Tuesday, July 8, 2008

Home-style cooking is not just for Nannas

I don't mean to stereotype with that title, insinuating that all Nannas wear frillly aprons over floral frocks and are constantly placing freshly baked pies on their windowsills - I know a good few Nannas for whom cooking means placing a takeaway lasagna on a dinner plate. I just mean that thanks to tv chefs and magazines such as Frankie, baking (as well as sewing, but I'm shit at that so refuse to acknowledge it) has become uber-cool. Either that, or my friends and I are truly getting old/growing up - whichever way you want to look at it. This morning over coffee we discussed a) the chore of doing the groceries b) that we all have shopping lists c) shared recipes that are awesomeness in a dish and are thus are satisfying for husbands after a long hard day at work d) the best places to buy in bulk so you don't have to run to the supermarket every other day (like I do. I have more petrol vouchers than you've had hot dinners). I mean JESUS. But it gets better, after coffee we trotted off to Myer, not to look at shoes like we used to but straight upstairs to the Homewares department. At any rate, whether we are getting old before our time or simply exploring that side of our femininity that previous generations picketed so hard against (for every action there is an equal and opposite reaction, no?) there's no doubt that hearty home cooked dinners are hipper than the latest It-bag, and that the yummy smell of baking wafting through the house is more awesome then any perfume even J-Lo could concoct.

Thus, here is a yummy winter casserole-thingy, tried and tested this very evening (with success, especially with my 2 year old). I did have to make a few alterations because Coles were inexplicably out of both garlic and zucchini, but it's a relatively healthy veggie and protein intake:
Mediterranean Chicken Bake*

Preparation Time: 15 minutes
Cooking Time: 60 minutes
Ingredients** (serves 6)
1 tbs olive oil
6 small (about 600g) chicken drumsticks
6 (about 1.5kg) chicken thigh cutlets
1kg chat (small coliban) potatoes, halved
2 ripe tomatoes, finely chopped
95g (1/2 cup) kalamata olives
2 garlic cloves, peeled, thinly sliced
2 sprigs fresh rosemary, leaves picked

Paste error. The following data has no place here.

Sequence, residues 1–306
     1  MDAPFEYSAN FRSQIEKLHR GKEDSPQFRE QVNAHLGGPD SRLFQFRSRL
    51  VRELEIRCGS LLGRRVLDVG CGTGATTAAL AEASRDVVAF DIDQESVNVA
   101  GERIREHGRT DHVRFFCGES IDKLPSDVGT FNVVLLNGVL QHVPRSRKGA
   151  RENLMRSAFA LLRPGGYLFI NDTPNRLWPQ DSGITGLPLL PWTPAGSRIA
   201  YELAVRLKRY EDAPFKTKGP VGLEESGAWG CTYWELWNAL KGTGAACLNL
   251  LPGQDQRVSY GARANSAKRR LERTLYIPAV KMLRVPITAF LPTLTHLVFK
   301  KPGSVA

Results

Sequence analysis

125ml (1/2 cup) dry white wine
Sea salt flakes
Freshly ground black pepper

Preheat oven to 200°C. Heat the oil in a 3L (12-cup capacity) flameproof, ovenproof baking dish over medium heat. Add the chicken drumsticks and cook, turning occasionally, for 5 minutes or until browned all over. Transfer to a plate and cover with foil to keep warm. Repeat with the chicken thigh cutlets.

Add the potato to the dish and cook, turning occasionally, for 5 minutes or until golden. Remove from heat. Add the chicken to the potato in the dish and top with tomato, olives and garlic. Sprinkle with rosemary. Pour over the wine. Season with salt and pepper.

Bake in oven for 45 minutes or until the chicken is cooked through and potato is tender. Serve immediately.

**I'm a bit of a chicken-racist in that I only eat the white breastmeat, but you can slice up some fillets instead of the thighs/cutlets and it works very nicely. Plus, use less normal potato and subsitute with a bit of sweet potato/carrot/zucchini, and chuck in some bacon and onion before the potato for a bit more flavour, and 1/2 cup chicken stock works instead of white wine if you live in Tassie and can't get grog at the supermarket. Oh, and if you use a much as this recipe suggests you'd be feeding 6 very fat people. I made less than 1/3 and we have leftovers for tommorow.

I have a post coming up about the always delicious Frankie magazine, but this month they published a very simple scone recipe that Charlotte and I tried on the last stuck-indoors rainy afternoon. If you don't mind little floury footprints, handpronts and streaks all over your kitchen, baking is what all the cool kids do after playgroup. Frankie picked the brain of Victoria's CWA president for this recipe, so you know it's hearty:


2 cups self-raising flour
1/2 cup cream
1/2 cup milk, more as needed
A pinch of salt

Sift flour and salt together - if you dont have a sifter, just stir it around a bit. Admire the little holes that salt makes in flour. Make a well in the middle of the flour, and mix in the milk and cream with a knife (get a grownup to do it if you're prone to stabbing). Stir it til it's all mixed in. Turn the dough onto a floured board or benchtop and knead it gently - don't let it get too sticky. Pat it out to about 2cm thick and cut out squares or diamonds with a scone cutter or knife (I alwasy thought scones were round, so being the true rebel that I am made neat circles with a glass. Hmph.) Bake in a fairly hot overn for 10-15mins, then leave to cool.

Serve with jam and whipped cream, or butter, or Nutella, or whatever you please....add caster sugar, dates or sulatnas for a sweet scone, or cheese, herbs, mustard or curry powder for savoury. Savoury not too crash hot with jam.

For obvious reasons cooking might not catch on with the model set backstage, but that doesn't make it uncool. It's therapeutic and last night Gordon Ramsay was on telly swearing at some butchers as usual, but he inspired me to google for some recipes. **Which admittedly is where I found the Chicken Bake. Cooking: F*** Yeah!

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